Amazon had more than 330 million products in its Fulfilled by Amazon program in 2019, according to The New Yorker (and that number includes iFixit). One can assume that number didn’t go down during a global pandemic that kept people home and out of retail stores. Companies need their goods in Amazon warehouses, but they don’t want to keep paying to store returns or unsold items. Many FBA vendors don’t have their own warehouses to take products back; some, called dropshippers, are even one step further removed, routing products directly from overseas manufacturers or wholesalers to Amazon’s warehouses. They’re not going to pay to ship those products back, even if they could.
So when still-new electric shavers, cordless drills, or a pallet of facemasks are taking up space, vendors can either pay to get them back, then pay and work again to store, sell, donate, or dispose of them. Or just let Amazon handle it, as seen in ITV’s video.
Adam Minter, author of Junkyard Planet and Secondhand, spends a lot of time thinking about waste economies. He suggests we shouldn’t be surprised that, after losing money on storing, shipping, re-shipping, and re-storing a product, neither the seller nor Amazon is ready to lose more money on “optimal enviro outcomes.” Minter is right, to an extent; we, the buying public, share some blame.
But it’s hard not to see the destruction of often usable goods as part of a broader trend of market control. Some of the world’s largest brands have been caught destroying valuable goods to keep them out of the market: Burberry bags, H&M clothing (both slashing and burning), Apple phones, and many more.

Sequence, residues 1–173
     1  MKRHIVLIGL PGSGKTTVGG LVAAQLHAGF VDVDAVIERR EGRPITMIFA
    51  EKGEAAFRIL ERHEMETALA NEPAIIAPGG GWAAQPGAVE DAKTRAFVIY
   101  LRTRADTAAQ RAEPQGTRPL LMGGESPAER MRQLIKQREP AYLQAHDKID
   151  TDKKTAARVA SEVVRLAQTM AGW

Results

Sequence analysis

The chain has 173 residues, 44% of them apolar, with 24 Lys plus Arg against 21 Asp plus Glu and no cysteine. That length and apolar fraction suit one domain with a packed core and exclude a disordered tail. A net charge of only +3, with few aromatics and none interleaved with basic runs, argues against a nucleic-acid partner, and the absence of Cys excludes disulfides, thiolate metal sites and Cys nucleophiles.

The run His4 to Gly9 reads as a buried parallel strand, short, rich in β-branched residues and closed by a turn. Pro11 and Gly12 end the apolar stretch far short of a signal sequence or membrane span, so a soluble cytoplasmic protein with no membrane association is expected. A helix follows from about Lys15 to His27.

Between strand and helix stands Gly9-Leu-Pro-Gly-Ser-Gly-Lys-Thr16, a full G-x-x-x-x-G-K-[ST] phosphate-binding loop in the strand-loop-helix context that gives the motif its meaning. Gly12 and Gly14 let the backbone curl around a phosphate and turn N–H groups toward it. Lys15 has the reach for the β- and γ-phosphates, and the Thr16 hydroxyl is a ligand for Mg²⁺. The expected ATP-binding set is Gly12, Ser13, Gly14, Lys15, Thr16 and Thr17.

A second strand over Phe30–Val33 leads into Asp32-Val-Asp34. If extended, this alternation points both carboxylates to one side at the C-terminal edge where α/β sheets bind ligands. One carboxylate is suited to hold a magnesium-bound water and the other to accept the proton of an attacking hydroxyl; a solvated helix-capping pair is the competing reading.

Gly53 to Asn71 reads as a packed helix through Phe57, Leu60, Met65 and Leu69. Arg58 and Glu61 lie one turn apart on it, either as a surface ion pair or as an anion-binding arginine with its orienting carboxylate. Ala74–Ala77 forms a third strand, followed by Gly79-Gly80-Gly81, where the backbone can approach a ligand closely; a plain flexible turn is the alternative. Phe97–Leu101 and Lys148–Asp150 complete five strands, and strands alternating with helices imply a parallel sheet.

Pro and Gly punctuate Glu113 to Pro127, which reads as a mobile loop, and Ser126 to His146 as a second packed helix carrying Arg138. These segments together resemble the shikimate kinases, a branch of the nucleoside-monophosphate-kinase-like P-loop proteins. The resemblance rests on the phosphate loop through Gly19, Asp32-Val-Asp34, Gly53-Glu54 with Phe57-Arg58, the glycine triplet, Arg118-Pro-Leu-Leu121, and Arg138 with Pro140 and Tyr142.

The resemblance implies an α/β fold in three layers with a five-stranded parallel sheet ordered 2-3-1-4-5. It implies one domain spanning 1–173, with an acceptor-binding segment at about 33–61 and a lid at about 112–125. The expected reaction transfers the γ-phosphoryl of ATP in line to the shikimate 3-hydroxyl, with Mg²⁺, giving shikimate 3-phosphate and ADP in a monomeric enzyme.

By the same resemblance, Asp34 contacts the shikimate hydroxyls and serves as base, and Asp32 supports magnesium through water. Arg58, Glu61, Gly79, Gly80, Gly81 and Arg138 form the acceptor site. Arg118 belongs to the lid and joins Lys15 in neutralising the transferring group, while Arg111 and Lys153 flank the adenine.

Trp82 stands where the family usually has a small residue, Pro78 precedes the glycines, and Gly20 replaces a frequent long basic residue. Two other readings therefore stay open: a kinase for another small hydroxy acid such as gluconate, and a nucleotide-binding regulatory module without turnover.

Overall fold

Why don’t Amazon fulfillment centers give charities and non-profits first pick of the haul before destruction? Why doesn’t it ferry more of these goods into its own recently expanded Second Chance program? It’s likely that returned and unsold goods hitting the market at reduced prices would diminish the market for the brand-new versions of those goods Amazon can get you right away. I recently bought a new power strip from Amazon that was a spitting image of the dozens seen in ITV’s footage. I would have easily paid a few bucks less for one that was otherwise headed to a recycler, if that option had appeared near the yellow button.
Amazon disputes this narrative. The company told ITV and The Verge that it doesn’t send products to landfills; the landfill shown in ITV’s report is actually a recycling site, Amazon claims (then again, most electronics recycling is really just shredding). The company states it is “working towards a goal of zero product disposal and our priority is to resell, donate to charitable organisations or recycle any unsold products.”
Meanwhile, e-waste grew 21 percent between 2014 and 2019. Amazon’s profits tripled year over year, hitting a record $8.1 billion in the first quarter of 2021, giving it ample resources to lobby against the Right to Repair. The digital divide continues to grow while still-wrapped devices are marked “DESTROY” in warehouses.
Fast shipping and easy returns aren’t free. Neither is space in landfills. Buying durable, repairable goods and fixing them is one true and solid way to stop feeding into this cycle. Because you know what waste looks like when you see it.